We use a feature branch work flow. The following description is borrowed from Understanding the GitHub flow.
When you're working on APSIM, you're going to have a bunch of different features or ideas in progress at any given time – some of which are ready to go, and others which are not. Branching exists to help you manage this workflow.
When you create a branch in your project, you're creating an environment where you can try out new ideas. Changes you make on a branch don't affect the
master branch, so you're free to experiment and commit changes, safe in the knowledge that your branch won't be merged until it's ready to be reviewed by someone you're collaborating with.
Branching is a core concept in Git, and the entire GitHub Flow is based upon it. There's only one rule: anything in the
master branch is always deployable. Because of this, it's extremely important that your new branch is created off of master when working on a feature or a fix. Your branch name should be descriptive (e.g.,
feature/new-maize-model), so that others can see what is being worked on. It is always good to start the feature with 'feature/'. The Branch button in SourceTree can be used to create a branch. Your current branch is in bold in SourceTree.
To switch between branches, commit your changes and then double click the branch you want to switch to. Branches are independent of each other. Your changes on one branch will be unavailable in the other branch. At this stage the branches only exist on your GIT clone on your hard disk.
Once your branch has been created, it's time to start making changes. Whenever you add, edit, or delete a file, you're making a commit, and adding them to your branch. This process of adding commits keeps track of your progress as you work on a feature branch.
Commits also create a transparent history of your work that others can follow to understand what you've done and why. Each commit has an associated commit message, which is a description explaining why a particular change was made. Furthermore, each commit is considered a separate unit of change. This lets you roll back changes if a bug is found, or if you decide to head in a different direction.
Commit messages are important, especially since Git tracks your changes and then displays them as commits once they're pushed to the server. By writing clear commit messages, you can make it easier for other people to follow along and provide feedback.
Commits are local only until you do a push.
Push changes to a remote
Once you're ready make changes available to others, you will need to push your commits to a 'remote' repository. This is usually your ApsimX fork. Doing this won't impact on other developers and won't cause Jenkins to run the test suite. You can do this as many times as you wish.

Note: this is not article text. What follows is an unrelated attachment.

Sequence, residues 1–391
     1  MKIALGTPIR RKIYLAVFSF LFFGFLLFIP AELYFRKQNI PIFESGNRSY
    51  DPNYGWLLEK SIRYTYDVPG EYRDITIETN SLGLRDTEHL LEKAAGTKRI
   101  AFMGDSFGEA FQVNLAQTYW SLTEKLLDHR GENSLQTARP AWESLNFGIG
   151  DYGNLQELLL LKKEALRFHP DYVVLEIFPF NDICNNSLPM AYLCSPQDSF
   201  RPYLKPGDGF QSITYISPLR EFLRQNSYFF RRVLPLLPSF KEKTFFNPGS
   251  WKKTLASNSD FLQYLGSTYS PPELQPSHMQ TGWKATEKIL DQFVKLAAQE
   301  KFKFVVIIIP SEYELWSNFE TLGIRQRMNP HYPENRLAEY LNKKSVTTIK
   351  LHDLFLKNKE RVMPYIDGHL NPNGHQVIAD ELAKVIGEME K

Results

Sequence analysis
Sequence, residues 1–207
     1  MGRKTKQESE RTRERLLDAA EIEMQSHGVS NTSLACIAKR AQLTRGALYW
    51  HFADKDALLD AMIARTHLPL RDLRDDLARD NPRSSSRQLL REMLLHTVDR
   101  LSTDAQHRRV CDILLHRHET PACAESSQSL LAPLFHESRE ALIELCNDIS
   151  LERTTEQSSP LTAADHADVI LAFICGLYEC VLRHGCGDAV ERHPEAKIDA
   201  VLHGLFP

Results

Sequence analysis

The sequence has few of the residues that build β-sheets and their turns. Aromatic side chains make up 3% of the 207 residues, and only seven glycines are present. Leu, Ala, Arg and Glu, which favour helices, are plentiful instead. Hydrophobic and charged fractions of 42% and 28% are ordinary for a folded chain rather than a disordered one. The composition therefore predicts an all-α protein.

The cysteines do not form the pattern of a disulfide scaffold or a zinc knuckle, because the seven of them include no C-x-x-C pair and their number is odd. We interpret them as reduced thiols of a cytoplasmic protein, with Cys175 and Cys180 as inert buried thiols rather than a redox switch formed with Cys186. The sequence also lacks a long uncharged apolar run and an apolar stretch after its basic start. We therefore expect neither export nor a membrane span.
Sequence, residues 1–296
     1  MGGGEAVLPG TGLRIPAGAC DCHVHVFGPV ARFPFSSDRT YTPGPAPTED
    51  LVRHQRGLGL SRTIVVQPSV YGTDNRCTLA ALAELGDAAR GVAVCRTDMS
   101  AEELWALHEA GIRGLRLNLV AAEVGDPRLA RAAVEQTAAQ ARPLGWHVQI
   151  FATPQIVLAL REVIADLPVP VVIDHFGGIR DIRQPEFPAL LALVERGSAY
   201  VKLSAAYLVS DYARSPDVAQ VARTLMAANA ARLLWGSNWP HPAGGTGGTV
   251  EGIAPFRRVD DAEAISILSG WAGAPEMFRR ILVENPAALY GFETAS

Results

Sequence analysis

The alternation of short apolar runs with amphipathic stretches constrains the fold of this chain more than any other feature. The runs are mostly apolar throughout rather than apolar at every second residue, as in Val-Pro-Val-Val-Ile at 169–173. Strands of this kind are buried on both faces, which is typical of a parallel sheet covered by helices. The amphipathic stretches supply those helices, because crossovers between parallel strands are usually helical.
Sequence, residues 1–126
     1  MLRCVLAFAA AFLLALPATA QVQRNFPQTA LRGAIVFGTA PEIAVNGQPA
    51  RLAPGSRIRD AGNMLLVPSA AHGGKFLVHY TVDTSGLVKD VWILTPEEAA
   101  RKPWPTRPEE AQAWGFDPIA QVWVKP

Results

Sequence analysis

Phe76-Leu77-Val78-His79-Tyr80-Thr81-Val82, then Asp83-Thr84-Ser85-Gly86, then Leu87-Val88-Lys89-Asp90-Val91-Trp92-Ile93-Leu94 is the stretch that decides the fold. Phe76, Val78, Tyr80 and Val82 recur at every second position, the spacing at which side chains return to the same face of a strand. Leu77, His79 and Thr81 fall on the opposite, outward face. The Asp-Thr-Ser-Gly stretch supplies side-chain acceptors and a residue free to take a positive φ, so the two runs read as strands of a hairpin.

Open a Pull Request
Pull Requests initiate discussion about your commits. Because they're tightly integrated with the underlying Git repository, anyone can see exactly what changes would be merged if they accept your request.
You can open a Pull Request at any point during the development process: when you have little or no code but want to share some screenshots or general ideas, when you're stuck and need help or advice, or when you're ready for someone to review your work. By using GitHub's @mention system in your Pull Request message, you can ask for feedback from specific people or teams, whether they're down the hall or ten time zones away.
Pull Requests are useful for contributing to open source projects and for managing changes to shared repositories. Pull Requests provide a way to notify project maintainers about the changes you'd like them to consider. They can also help start code review and conversation about proposed changes before they're merged into the master branch.
Jenkins will automatically run all pull requests and flag pass/fail with GitHub. If you have finished a piece of work then you need state somewhere in the body of the pull request:
This will alert the administrators of the APSIM repository that the pull request fixes issue number 45. All merges to master must have an issue describing the piece of work. The administrators will then merge the pull request with the master branch of the main repository and close the issue. Once the issue is closed it should not be reopened.
Diagram of Process
Developers work in their own branch, in their cloned repository on their computer.If they have performed commits in their branch on their hard disk and want to get the latest changes from one of the remotes they should rebase to a particular revision of a remote repository; usually this is the master branch on the MAIN ApsimX repository. When they want to share their branch with another user or to merge it with the MAIN ApsimX repository, they will need to push to their GitHUB fork and issue a pull request inviting others to look at the changes on the branch or for it to be considered for merging with the MAIN master branch.
Consider this example screenshot:
I have configured my 2 remotes as MAIN (https://github.com/APSIMInitiative/ApsimX) and my fork as hol353 (https://github.com/hol353/ApsimX) - highlighted under remotes in the screenshot. I am in the middle of a piece of work in a branch called feature/soil-rework. This branch (middle highlight in the tree) is currently behind MAIN/master (top highlight in the tree) i.e. other developers have committed/pushed and merged their work to MAIN/master since I started working on my changes. What I should do is to rebase my branch on my computer to the revision that MAIN/master is at. To do this in SourceTree I make sure my branch is current on my computer (soil-rework is bolded under Branches, feature). I think right click on the MAIN/master revision at the top of the tree (highlighted) and select rebase. This will make my branch relative to that revision rather than the older one on 23 Apr 2015 12:29. The result is shown below: